informal, for night: a fabulous gown by designers such as Oleg Cassini completed by elbow-length white gloves and a clutch bag
But these were Jackie’s looks from the White House years, when she posed, posture perfect like a princess, beaming a happy smile. But then her husband was murdered and Camelot was no more. Her life changed and, with it, her wardrobe.
After she married Onassis, she became “Jackie O” and was photographed strolling the streets of Europe, slumming in casual attire -sexy capri pants with flat, strappy sandals. After Onassis’ death, she moved to New York to become a book editor for Doubleday. When she was seen on the streets, she kept her head down to avoid recognition, ducking the press, hiding behind those ubiquitous, bug-eyed, dark glasses and sometimes concealing her famous head under a scarf.
Jackie O in 1975, the year her second husband Aristotle Onassis died
No, the Jackie Kennedy Look can’t be summed up by pointing to a hairstyle or style of dress – they were too variable. Granted, whether First Lady, international playgirl, New York socialite, or career publisher, Jackie Kennedy had style, to be sure, a strong fashion sense, showing up largely as a preference for clean, uncluttered lines and simplicity. But she had an indescribable personal quality, too, a je ne sais quoi, the French would say, a quality that transcended all the changes she made to her wardrobe and hair – the quintessential Jackie O – that keeps us fixated on her well into another century.
What was it that made Jackie such an icon that we still want to look at photos of her, though she has been gone so long?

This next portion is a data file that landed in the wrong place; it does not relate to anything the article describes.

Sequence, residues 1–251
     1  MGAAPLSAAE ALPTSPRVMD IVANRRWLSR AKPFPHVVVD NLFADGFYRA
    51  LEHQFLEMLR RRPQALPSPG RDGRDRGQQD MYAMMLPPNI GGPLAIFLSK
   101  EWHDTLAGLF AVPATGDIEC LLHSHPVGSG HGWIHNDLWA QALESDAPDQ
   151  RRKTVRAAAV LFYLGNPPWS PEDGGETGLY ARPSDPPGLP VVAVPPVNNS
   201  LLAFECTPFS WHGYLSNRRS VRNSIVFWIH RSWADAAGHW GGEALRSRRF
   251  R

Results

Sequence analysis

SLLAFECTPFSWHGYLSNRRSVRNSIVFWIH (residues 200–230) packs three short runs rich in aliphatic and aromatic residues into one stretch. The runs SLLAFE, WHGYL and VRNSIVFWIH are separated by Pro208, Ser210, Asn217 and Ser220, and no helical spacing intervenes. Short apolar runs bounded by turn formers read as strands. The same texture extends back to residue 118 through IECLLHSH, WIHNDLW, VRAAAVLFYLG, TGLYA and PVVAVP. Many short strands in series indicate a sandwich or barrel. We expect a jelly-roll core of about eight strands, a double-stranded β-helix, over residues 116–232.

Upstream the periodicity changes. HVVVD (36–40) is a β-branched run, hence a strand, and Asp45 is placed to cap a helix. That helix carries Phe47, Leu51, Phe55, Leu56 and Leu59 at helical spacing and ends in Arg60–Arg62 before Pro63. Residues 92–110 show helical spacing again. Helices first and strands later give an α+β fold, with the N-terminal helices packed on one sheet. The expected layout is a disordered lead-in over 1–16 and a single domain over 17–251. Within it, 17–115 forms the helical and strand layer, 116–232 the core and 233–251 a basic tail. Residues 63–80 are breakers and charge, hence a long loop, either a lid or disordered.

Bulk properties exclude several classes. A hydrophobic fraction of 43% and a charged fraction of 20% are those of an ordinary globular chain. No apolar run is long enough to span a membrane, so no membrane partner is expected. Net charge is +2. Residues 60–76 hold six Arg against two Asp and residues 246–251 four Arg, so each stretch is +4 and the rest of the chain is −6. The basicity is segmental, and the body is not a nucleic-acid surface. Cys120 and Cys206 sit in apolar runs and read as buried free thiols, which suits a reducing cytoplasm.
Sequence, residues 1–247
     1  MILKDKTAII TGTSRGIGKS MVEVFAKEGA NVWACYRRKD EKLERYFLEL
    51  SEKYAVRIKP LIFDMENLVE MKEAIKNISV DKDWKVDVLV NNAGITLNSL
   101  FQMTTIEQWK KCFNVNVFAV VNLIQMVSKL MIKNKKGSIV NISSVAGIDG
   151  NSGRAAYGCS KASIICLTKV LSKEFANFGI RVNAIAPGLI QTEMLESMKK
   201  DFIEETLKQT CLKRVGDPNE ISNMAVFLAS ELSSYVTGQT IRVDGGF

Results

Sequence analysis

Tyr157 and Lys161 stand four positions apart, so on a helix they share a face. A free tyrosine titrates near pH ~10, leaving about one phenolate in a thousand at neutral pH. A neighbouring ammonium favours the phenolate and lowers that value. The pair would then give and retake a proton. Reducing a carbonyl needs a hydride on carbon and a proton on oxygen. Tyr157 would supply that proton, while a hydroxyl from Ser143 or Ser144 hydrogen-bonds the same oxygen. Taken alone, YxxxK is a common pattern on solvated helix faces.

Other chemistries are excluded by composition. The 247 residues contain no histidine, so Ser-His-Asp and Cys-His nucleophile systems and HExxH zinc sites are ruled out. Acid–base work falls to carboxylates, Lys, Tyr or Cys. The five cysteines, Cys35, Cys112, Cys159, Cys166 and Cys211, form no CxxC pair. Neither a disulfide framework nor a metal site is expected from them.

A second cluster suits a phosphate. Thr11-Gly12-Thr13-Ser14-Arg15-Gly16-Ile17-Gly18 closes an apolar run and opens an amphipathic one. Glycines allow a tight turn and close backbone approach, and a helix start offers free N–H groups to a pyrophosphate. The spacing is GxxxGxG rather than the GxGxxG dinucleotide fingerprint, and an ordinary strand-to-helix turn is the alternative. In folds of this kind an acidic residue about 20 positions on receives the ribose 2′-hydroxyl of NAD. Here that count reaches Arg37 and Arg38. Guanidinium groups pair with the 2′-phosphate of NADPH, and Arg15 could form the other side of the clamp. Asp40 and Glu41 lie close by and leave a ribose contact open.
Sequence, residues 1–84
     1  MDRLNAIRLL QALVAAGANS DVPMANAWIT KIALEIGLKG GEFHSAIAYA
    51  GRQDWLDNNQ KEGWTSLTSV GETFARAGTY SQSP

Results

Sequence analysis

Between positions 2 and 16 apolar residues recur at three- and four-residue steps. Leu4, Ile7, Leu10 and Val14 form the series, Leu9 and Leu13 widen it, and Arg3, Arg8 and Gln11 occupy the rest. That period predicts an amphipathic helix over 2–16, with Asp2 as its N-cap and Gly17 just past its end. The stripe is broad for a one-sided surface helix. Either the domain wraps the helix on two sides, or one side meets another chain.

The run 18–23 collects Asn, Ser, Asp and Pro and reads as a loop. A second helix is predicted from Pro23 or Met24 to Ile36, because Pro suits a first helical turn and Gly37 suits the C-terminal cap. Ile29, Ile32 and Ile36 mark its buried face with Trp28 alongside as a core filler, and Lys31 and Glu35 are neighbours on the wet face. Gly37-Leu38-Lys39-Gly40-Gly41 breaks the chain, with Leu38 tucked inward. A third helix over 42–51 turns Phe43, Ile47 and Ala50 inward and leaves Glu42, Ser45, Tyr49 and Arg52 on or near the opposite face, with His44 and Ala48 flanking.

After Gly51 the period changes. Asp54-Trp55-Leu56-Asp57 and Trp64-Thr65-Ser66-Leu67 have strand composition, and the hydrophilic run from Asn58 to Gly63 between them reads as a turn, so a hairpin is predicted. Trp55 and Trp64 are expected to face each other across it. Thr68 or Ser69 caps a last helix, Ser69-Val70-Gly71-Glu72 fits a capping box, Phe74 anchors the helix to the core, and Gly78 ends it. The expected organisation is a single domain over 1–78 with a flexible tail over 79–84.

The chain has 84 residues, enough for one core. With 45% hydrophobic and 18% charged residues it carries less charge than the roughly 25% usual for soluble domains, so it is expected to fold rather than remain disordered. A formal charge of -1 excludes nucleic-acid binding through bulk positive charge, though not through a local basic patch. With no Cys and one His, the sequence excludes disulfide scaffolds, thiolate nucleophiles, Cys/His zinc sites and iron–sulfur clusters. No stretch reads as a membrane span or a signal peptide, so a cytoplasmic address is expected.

One need only consult the TV comedy “Seinfeld” for the answer to this little conundrum. In the 87th episode known as “The Chaperone,” character Elaine Benes (played by Julia Louis-Dreyfus) seeks a job at Doubleday as a book editor, following in the steps of Jackie Kennedy Onassis.
Elaine does not get the job. Read the Seinfeld script below to find out why Elaine was rejected by Doubleday:
New scene – Elaine at her job interview at Doubleday with Mrs. Landis.
LANDIS: Of course, Jackie O. was a great lady. Those are going to be some tough shoes to fill. Everyone loved her. She had such…grace.
ELAINE (gushing): Yes! Grace!
LANDIS: Not many people have grace.
ELAINE: Well, you know, grace is a tough one. I like to think I have a little grace…not as much as Jackie -
LANDIS: You can’t have “a little grace.” You either have grace, or you…don’t.
ELAINE: O.K., fine, I have…no grace.
LANDIS: And you can’t acquire grace.
ELAINE: Well, I have no intention of “getting” grace.
LANDIS: Grace isn’t something you can pick up at the market.
ELAINE (fed up): All right, all right, look – I don’t have grace, I don’t want grace…I don’t even say grace, O.K.?
LANDIS: Thank you for coming in.
ELAINE: Yeah, yeah, right.
LANDIS: We’ll make our choice in a few days, and we’ll let you know.
ELAINE (stands up): I have no chance, do I?
LANDIS: No. <They shake hands.>
Elaine Benes (from TV series" Seinfeld) has no grace. Jackie Kennedy Onassis had grace.